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Plastic bags outlawed in Mexico City

August 24, 2009 | 10:22 am

In the latest effort to improve Mexico City's environment, it became illegal last week for supermarkets and other businesses to hand out nonbiodegradable plastic bags to customers.

CNN reports that "amended ordinances on solid waste now outlaw businesses from giving out thin plastic bags that are not biodegradable."

Sure enough, on my weekly trip to the Soriana supermarket in my neighborhood, I had my groceries packed into plastic bags emblazoned with a logo promising they were biodegradable.

All stores, production facilities and service providers within Mexico City, also called the Federal District, will be affected by the new law, which makes Mexico City the second big city in the Western Hemisphere to enact such a ban, along with San Francisco.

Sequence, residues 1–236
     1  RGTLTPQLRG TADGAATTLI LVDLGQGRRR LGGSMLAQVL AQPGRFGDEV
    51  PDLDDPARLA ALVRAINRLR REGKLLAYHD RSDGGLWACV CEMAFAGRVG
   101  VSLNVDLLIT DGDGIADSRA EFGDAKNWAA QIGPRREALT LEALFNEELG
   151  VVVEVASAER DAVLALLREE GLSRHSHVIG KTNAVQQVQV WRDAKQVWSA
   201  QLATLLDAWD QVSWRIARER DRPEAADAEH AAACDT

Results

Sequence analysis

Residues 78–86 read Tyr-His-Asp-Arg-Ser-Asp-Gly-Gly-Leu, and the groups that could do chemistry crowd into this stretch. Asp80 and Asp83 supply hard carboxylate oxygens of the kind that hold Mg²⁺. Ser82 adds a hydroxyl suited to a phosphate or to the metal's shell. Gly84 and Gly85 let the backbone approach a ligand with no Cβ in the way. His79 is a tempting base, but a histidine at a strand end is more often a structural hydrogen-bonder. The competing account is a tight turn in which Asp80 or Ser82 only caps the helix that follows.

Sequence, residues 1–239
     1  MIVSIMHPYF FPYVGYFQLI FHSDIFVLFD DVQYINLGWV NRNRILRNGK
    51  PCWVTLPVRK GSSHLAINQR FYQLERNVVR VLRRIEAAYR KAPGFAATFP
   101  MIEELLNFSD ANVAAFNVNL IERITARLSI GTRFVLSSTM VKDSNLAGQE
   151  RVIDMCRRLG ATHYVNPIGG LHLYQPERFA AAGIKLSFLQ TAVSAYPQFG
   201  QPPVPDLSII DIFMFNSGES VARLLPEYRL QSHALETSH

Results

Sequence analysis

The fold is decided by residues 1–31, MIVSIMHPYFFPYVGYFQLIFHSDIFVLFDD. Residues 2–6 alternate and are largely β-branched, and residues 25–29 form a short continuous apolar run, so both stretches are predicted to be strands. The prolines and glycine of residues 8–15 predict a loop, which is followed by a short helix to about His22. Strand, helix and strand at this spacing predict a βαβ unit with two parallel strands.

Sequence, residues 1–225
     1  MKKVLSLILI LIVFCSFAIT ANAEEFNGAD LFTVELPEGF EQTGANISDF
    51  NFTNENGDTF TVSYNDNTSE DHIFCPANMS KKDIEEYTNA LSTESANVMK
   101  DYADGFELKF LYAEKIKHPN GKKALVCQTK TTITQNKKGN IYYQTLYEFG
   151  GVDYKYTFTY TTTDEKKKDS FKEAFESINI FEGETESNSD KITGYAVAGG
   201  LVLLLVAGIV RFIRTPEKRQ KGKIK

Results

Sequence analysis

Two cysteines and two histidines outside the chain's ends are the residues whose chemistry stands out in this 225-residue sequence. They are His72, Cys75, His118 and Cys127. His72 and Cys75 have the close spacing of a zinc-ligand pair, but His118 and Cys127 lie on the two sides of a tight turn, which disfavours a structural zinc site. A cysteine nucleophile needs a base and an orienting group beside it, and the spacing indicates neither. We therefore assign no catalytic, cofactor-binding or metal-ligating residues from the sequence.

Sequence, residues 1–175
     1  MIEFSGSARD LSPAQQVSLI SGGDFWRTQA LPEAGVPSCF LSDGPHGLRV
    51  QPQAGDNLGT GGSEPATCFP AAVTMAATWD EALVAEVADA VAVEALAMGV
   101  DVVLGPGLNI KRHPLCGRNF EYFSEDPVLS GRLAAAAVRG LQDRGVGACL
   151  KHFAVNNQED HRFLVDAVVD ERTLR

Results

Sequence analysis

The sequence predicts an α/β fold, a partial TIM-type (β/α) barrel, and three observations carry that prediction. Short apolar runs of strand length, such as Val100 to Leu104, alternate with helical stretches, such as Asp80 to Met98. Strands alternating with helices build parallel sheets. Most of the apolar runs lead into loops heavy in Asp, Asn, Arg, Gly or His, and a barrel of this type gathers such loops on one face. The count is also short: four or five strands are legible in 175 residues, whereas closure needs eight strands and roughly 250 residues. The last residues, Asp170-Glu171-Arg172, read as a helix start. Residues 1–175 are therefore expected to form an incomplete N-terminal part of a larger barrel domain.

The move by the Mexico City government follows a number of other recent environmentally friendly initiatives, including the introduction along some routes of new buses that emit less pollution, and a planned bike-lending scheme expected to launch in December.

Officials hope to increase bicycle use, but riding on the streets of the city right now is a health risk due to a lack of bicycle lanes and reckless drivers.

-- Deborah Bonello, in Mexico City

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